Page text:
PwC: Just two media sectors in growth by 2025; booming retailer media and consumer advertising attention metrics on radar for future forecasts
Retailer media and broadcaster video on demand is booming and quality audience reach is on the rise but PwC in its latest Media & Entertainment Outlook was careful on any predictions for whether the TV sector’s fast-growing BVOD services would offset declines in linear TV. The firm put the onus firmly on how the TV industry’s new VOZ audience measurement system travelled. And for good measure, performance marketing and media strategies would get more focus than brand building in the coming year.
What you need to know:
- Ad market set to grow 2.6 per cent (CAGR) to $19.6bn by 2025.
- Out of home and internet advertising (which includes BVOD, digital news media and digital radio assets) the only two media sectors in PwC's 2025 forecast to rise.
- Consumer advertising attention measurement and retailer media on PwC's watch list.
- Internet advertising to lift its advertising marketshare from 53.9 per cent in 2019 to 62.4 per cent in 2024.
- Linear TV ad share share falls to 17.3 per cent in 2024 from 20.8 per cent in 2019.
Only two media advertising sectors will show positive growth by 2024 according to PwC’s latest Media & Entertainment Outlook but the firm stopped short of predicting the global interest in applying quality consumer advertising attention levels to different advertising channels would alter its mid-range growth forecasts for different media.
PwC said there were no material structural shifts in media advertising resulting from Covid but existing trends had accelerated. More media companies would go to consumers with subscription and ad-free content models.
Unsurprisingly, internet advertising – which includes broadcast video on demand (BVOD) and digital news media mastheads – is set to continue its land-grab for advertising marketshare, increasing from 53.9 per cent of the total ad market in 2019 to 62.4 per cent in 2024. The out of home sector is the only other media sector set to increase its advertising share, up slightly from 7.6 per cent in 2019 to 7.9 per cent in 2024.
Outgoing PwC Partner and Outlook Editor, Justin Papps, also pointed to the rapid arrival and growth of retailer media as a sector PwC would be tracking in the next two years.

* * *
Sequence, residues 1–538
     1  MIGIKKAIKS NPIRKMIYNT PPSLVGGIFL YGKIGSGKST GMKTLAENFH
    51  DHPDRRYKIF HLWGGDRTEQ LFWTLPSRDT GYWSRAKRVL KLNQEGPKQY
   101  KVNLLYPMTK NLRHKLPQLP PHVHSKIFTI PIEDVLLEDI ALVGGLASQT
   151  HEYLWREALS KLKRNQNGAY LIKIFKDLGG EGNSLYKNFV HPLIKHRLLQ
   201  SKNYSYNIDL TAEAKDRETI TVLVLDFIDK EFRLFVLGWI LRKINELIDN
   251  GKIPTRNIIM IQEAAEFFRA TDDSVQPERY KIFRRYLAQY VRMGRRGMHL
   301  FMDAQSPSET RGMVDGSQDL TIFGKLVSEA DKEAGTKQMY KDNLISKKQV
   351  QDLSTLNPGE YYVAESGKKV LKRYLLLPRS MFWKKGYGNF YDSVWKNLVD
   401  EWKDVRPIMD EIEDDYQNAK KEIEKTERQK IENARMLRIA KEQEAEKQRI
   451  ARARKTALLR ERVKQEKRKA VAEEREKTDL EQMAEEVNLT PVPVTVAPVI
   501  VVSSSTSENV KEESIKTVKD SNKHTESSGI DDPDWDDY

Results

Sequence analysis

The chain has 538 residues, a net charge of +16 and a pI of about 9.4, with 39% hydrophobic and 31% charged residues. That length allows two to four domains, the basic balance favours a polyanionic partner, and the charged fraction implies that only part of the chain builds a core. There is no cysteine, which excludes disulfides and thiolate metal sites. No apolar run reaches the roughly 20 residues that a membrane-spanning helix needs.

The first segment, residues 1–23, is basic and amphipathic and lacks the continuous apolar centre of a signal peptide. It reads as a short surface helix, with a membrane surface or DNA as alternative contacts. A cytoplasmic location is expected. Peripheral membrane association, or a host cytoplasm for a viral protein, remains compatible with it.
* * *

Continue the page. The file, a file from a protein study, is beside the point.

“There is no doubt that it is growing in significance and revenue,” Papps told Mi3. “The question that we look at and are continuing to look at is where is the money coming from? Is it coming from advertising dollars, trade dollars or is it incremental? We need to get a really clear understanding of that before we layer that back into this report. What is clear, though, is that this is something quite significant in so much as we're seeing more and more advertisers looking to do, or product owners looking to do, direct deals with the retailers.”
PwC’s broader analysis of the ad market sees linear TV advertising decline in marketshare from 20.8 per cent in 2019 to 17.3 per cent in 2024; printed newspapers would more than half its share from 6.9 per cent to 3 per cent; and broadcast radio would drop from 1.7 per cent to 1.1 per cent – although like TV and news media, radio’s advertising base is increasingly moving online and captured within PwC’s Internet advertising figures.
PwC was careful about whether the TV sector’s fast-growing BVOD services would offset the declines in linear TV, putting the onus firmly on how the TV industry’s new VOZ audience measurement system across all screens will impact advertiser investment allocations. PwC forecasts BVOD will grow 32.7 per cent (CAGR) to 2025.
“VOZ is going to help us answer that to a degree,” says Papps. “But in the short term, I think BVOD is performing better than we expected it would. And I think it is closing those jaws. Will BVOD completely close them and replace [linear TV ad revenues]? I think that is yet to be seen. And I think this is the value of VOZ, assuming that VOZ delivers what it says it can do. The networks will be able to talk to about incremental audience reach versus substitution.”
Equally, Papps squared back to VOZ when asked if linear TV broadcasters could continue to sustain advertising rate inflation against declining audiences. “I don't want to put it all back on VOZ, but I think that data will help answer that question for us and that will help us understand quality of audience and incremental reach versus duplicated audiences and so-on," he suggested.
PwC also signalled performance media and advertising – in contrast to brand building ad strategies – would rise in priority for advertisers in the short-term.
Attention metrics and quality shift
The impact of emerging metrics that benchmark which media channels and platforms attract higher, or lower, levels of active and passive consumer attention towards advertising is making “good progress”. But Papps thinks it is still too early to say whether these will ultimately affect PwC’s growth and marketshare forecasts for different sectors. He said the same of incoming impacts from regulatory and privacy changes.
“The real opportunity here is that the conversation is moving to quality,” said Papps. “And I think that's that's an important advance for the industry. Whether it's an attention metric or whether it's a quality metric, I think all of those things will actually help move the conversation forward.
“We would need to get greater certainty around the metric before we then apply it back into our forecasts, because as much as there's been good progress made on it, I think there's still a way to go before we can be sure that that's the measure. It's something that we'll probably look at in the next couple of years as far as the impact that it might have.”
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